When she lost her child at the shops, she never expected this to happen
Kellie Turtu of Mama Pyjama is this week’s winner of iBlog Friday with her post…read more
In Australia around one third of marriages end in divorce and while it is often awful and heartbreaking when it happens there are some things you should know
You're going to hear a lot of people telling you that you're taking the easy way out and that you should suck up all the hurt and sadness because you took vows or because it's better for the kids. Ignore them. It takes a huge amount of courage to stand up and demand a better life for yourself, your kids, and, yes, even your ex. Making a change is always harder than sticking with the status quo, so be proud of yourself.
As for the kids: They deserve to have happy parents who can actually be present for them - and they deserve the chance to see what a healthy relationship looks like so they have a shot at having one someday, too.
When it's time to tell the kids, share the news together. Try not to demean or blame each other. And if it's within your means, get advice ahead of time from a therapist. How the children react will, of course, depend on their age and temperament, but be prepared for anger, tears, screaming or even silence. They may blame one of you outright (rightly or wrongly). They may blame themselves (the hardest). And if they're older toddlers or young preschoolers, there's a good chance they're not going to get it right away. Which means you'll have some version of this conversation again and again.
You'll ask them why they never said anything before. They'll say, 'Oh, you know, I didn't feel like it was my place,' or 'I didn't think it would change anything…you were so in love with him.' Both may be perfectly true, but having this information now isn't helpful or supportive. Feel free to say as much.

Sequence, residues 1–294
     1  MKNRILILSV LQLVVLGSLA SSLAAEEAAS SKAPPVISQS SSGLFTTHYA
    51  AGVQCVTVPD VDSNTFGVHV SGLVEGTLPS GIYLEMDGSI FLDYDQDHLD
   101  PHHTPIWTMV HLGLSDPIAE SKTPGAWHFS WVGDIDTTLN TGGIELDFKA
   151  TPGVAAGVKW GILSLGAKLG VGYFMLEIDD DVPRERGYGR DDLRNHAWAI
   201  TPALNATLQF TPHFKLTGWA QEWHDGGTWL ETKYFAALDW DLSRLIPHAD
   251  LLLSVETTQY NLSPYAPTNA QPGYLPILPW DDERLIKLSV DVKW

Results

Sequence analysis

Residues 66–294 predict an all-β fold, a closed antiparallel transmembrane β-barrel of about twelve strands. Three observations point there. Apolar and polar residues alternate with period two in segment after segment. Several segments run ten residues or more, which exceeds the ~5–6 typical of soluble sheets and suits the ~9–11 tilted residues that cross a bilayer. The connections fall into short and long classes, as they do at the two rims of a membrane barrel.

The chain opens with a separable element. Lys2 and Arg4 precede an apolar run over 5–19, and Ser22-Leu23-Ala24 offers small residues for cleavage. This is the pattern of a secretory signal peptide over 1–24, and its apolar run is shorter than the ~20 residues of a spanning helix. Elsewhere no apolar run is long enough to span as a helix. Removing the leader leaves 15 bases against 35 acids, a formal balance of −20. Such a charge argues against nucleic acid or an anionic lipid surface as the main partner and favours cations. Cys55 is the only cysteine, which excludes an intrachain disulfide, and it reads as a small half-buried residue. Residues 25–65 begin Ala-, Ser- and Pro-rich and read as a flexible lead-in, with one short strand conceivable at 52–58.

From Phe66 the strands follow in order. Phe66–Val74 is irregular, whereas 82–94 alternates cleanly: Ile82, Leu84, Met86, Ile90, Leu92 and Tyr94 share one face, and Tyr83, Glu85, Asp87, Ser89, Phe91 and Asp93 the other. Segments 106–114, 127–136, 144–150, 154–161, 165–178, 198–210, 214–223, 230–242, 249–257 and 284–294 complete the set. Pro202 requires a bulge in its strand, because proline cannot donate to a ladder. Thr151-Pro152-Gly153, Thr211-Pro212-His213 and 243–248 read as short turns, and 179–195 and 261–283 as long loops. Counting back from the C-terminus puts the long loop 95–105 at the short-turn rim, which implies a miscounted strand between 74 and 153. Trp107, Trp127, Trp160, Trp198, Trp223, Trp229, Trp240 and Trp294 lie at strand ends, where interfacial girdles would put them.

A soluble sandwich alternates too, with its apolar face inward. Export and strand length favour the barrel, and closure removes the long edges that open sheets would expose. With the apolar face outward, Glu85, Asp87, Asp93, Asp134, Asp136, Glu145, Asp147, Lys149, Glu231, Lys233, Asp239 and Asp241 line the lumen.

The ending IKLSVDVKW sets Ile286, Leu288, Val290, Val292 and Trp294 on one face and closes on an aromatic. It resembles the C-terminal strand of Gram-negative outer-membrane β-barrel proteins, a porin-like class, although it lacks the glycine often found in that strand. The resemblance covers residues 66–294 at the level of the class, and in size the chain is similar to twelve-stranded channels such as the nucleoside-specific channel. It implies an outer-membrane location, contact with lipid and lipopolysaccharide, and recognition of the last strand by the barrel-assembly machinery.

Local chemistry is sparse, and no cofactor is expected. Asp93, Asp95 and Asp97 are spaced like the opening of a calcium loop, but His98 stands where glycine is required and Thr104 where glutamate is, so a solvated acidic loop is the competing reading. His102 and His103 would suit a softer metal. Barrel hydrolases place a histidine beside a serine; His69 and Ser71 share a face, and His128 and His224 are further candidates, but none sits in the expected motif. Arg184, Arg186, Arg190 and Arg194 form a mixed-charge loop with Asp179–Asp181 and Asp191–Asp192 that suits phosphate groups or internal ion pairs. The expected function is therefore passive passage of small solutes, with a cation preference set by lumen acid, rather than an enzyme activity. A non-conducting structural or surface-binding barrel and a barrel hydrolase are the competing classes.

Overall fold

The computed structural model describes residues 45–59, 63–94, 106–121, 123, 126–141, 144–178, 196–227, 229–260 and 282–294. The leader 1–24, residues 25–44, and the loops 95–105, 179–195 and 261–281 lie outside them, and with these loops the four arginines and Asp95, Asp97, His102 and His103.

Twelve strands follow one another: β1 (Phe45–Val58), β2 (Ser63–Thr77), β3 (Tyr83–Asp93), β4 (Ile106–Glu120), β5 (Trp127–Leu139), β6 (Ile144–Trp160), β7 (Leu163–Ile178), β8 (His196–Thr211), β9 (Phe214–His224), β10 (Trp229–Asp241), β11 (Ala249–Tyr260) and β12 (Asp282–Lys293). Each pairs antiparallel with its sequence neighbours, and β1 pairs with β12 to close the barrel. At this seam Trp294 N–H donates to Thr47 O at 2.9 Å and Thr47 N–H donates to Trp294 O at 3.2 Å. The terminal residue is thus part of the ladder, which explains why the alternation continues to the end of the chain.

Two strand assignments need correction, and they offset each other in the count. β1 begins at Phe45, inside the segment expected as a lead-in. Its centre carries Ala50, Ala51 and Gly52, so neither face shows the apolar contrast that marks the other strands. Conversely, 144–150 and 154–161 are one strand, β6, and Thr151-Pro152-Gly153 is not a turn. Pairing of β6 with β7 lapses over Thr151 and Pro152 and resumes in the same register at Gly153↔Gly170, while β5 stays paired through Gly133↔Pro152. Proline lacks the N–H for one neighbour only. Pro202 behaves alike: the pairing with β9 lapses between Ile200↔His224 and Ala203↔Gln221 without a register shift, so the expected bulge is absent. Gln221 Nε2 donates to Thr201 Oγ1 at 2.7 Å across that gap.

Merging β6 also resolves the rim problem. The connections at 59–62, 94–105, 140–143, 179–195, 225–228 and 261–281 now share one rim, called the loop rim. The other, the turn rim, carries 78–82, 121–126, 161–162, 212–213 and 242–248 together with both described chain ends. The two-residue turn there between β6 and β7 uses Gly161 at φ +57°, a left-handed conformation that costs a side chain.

Obviously, you enter every relationship with your friends and his friends, and when you split, your people go with you. What's harder is dealing with friendships you genuinely shared. For a while, you may still see each other solo, but as time goes on, some of those relationships will fade. Divorce makes people uncomfortable, and sometimes, it's easier for them not to be around it. As unfair as that is and as hard as it may be to let go, it may be for the best. Surround yourself with people can see you for you - divorce and all.
The trigger could be anything: A family walking down the street. A pregnant woman. A co-worker announcing her engagement. Or the fact that the dumb cable people are three hours late and why can't something just go right?! Go ahead and let it out. You'll feel better. And look, there are some things you might just not feel like doing for a while, especially if it involves celebrating someone's marriage or baby. Try to go anyway. Yes, you'll need to put your game face on but your friends, who've been there for you, still need you there for them.